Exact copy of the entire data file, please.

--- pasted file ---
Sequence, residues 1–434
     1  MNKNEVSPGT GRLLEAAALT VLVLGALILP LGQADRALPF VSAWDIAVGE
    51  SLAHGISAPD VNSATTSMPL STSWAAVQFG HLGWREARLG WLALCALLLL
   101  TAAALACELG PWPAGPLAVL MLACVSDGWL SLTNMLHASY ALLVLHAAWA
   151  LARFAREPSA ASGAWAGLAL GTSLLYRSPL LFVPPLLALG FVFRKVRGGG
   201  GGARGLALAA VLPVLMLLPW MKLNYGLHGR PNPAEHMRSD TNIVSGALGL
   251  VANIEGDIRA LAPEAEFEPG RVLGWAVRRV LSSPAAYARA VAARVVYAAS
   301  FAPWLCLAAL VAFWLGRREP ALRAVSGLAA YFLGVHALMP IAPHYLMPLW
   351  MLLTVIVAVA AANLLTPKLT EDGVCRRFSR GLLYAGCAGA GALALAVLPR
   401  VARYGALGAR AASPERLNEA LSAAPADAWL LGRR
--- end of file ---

Sequence, residues 1–434
     1  MNKNEVSPGT GRLLEAAALT VLVLGALILP LGQADRALPF VSAWDIAVGE
    51  SLAHGISAPD VNSATTSMPL STSWAAVQFG HLGWREARLG WLALCALLLL
   101  TAAALACELG PWPAGPLAVL MLACVSDGWL SLTNMLHASY ALLVLHAAWA
   151  LARFAREPSA ASGAWAGLAL GTSLLYRSPL LFVPPLLALG FVFRKVRGGG
   201  GGARGLALAA VLPVLMLLPW MKLNYGLHGR PNPAEHMRSD TNIVSGALGL
   251  VANIEGDIRA LAPEAEFEPG RVLGWAVRRV LSSPAAYARA VAARVVYAAS
   301  FAPWLCLAAL VAFWLGRREP ALRAVSGLAA YFLGVHALMP IAPHYLMPLW
   351  MLLTVIVAVA AANLLTPKLT EDGVCRRFSR GLLYAGCAGA GALALAVLPR
   401  VARYGALGAR AASPERLNEA LSAAPADAWL LGRR